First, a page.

– ORIGINALS –
Six Signed Pastel Paintings
Tibetan Hill People
Tibet, circa 1955-60. Set of six (6) original pastel portraits a of Tibetan natives, by world renowned artist Goray Douglas, with signature. Each is individually framed behind glass. Images measure approximately 32.5 x 25cm. Gold colour frames measure approximately 40 x 50 cm. Very Good Condition, exceptionally well rendered pastel paintings on grey paper laid to a wide margin mounts.These are not reprints.
These are SIX RARE ORIGINAL PAINTINGS by Douglas Goray.This set includes six very distinct and striking real personalities from the artist’s “Faces of the Hills” collection, an immense work in which he portrayed 350 individual Tibetan and Burmese subjects with exquisite likeness. Douglas is a noted Darjeeling artist, a master of portraiture, revered for his documentation of native peoples.
Goray Douglas (1920-1976) is an internationally renowned artist of Darjeeling, whose work is mainly seen in museums. One of the artist’s masterpieces, titled ‘Portrait of a Young Child’, was bought by Lord Mountbatten. Douglas’s unique style of painting in oil, pastels, watercolour, charcoal and his etchings earned him international repute. Especially remembered for his striking portraiture, self-taught and innately skilled, he painted exquisite portraits of the Tibetan hills people, which is his legacy. Most of his portraits depict people whom he met in Darjeeling. Douglas was also a soldier in the Indian Gorkha regiment, and perhaps his most famous portrait, “Ghoom Ko Budo” (an old man from Ghoom) is that of a man who travelled to his home weekly on Sundays from Ghoom to receive his ration.Born in 1920 in Maimio in British Burma (now Pyin Oo Lwin in Myanmar), he came to India following the Japanese invasion in 1942. According to his daughter, Douglas was interested in art from childhood, but the Burmese masters refused to train him. She also states that the governor of Burma insisted that he should take part in the National Art and Hand Writing Competition, where he won the gold medal in the art category, the first public recognition of his artistic talent. In the summer of 1950 he made pencil sketches Tibetan refugees living in Kalimpong, India. In 1973 he did the illustration for “Ayo Gurkha!.”Exhibitions of his works were held across Europe, including in both Darjeeling and Sikkim in 2006, thirty years after his death, called “The Faces of The Hills” where his daughter Dolly presented some of his unseen and unfinished works.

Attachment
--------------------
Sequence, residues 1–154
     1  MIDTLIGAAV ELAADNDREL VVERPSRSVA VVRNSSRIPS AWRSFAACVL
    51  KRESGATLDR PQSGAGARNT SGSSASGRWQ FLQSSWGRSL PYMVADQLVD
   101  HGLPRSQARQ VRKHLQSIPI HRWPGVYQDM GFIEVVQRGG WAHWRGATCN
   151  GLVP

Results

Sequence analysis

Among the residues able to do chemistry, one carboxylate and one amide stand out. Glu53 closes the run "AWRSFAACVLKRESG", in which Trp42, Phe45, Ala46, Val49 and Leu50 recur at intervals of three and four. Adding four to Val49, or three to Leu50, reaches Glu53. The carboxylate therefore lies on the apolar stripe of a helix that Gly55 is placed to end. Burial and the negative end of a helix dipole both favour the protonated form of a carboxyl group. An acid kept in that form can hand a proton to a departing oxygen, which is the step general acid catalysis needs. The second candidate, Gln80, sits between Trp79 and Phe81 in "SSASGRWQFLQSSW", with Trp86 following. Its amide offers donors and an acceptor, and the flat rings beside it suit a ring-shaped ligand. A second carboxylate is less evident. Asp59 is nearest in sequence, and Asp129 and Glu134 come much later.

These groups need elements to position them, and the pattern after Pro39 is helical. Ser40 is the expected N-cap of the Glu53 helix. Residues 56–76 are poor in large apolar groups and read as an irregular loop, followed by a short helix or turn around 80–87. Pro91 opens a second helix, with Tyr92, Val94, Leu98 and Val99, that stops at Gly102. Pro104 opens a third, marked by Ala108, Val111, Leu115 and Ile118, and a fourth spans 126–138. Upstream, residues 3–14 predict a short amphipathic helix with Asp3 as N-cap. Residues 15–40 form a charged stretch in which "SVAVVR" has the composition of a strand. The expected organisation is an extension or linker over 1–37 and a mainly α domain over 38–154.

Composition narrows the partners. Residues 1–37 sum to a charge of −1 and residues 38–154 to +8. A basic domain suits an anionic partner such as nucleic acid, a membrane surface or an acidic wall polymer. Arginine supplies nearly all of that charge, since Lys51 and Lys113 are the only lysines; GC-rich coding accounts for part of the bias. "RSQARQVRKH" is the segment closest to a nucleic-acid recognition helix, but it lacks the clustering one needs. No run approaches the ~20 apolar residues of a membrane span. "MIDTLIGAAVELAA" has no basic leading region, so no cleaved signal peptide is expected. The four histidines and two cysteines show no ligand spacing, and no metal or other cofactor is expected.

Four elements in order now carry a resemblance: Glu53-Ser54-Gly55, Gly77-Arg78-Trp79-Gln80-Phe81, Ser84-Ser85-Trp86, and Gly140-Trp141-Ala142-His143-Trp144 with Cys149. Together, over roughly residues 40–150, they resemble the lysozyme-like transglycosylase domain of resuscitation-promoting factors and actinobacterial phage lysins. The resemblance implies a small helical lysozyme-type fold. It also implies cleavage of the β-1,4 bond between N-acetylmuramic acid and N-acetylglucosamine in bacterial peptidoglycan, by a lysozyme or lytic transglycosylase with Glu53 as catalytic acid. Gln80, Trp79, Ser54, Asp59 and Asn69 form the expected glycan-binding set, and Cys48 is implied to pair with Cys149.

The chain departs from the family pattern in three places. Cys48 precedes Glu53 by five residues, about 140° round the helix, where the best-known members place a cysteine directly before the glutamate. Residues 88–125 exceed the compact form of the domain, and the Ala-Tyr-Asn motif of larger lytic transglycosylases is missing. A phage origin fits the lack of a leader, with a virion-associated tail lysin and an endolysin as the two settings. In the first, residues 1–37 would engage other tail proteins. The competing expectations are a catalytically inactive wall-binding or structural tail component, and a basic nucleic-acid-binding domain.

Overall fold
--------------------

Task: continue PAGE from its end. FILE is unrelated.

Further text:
A marked feature of Tibetan costume and ornaments is the extensive use of gold and silver, jewellery, ivory and jade ornaments of substitutions. They can be carried on the various parts of the body, from head and hair plaits to ear, neck, wrist, finger, back, and waist. The typical ornaments include elegantly carved and gold or silver coated dagger, buckle and steel for flint, as well as various kinds of earrings and hair ornaments embedded with jadeite and turquoise.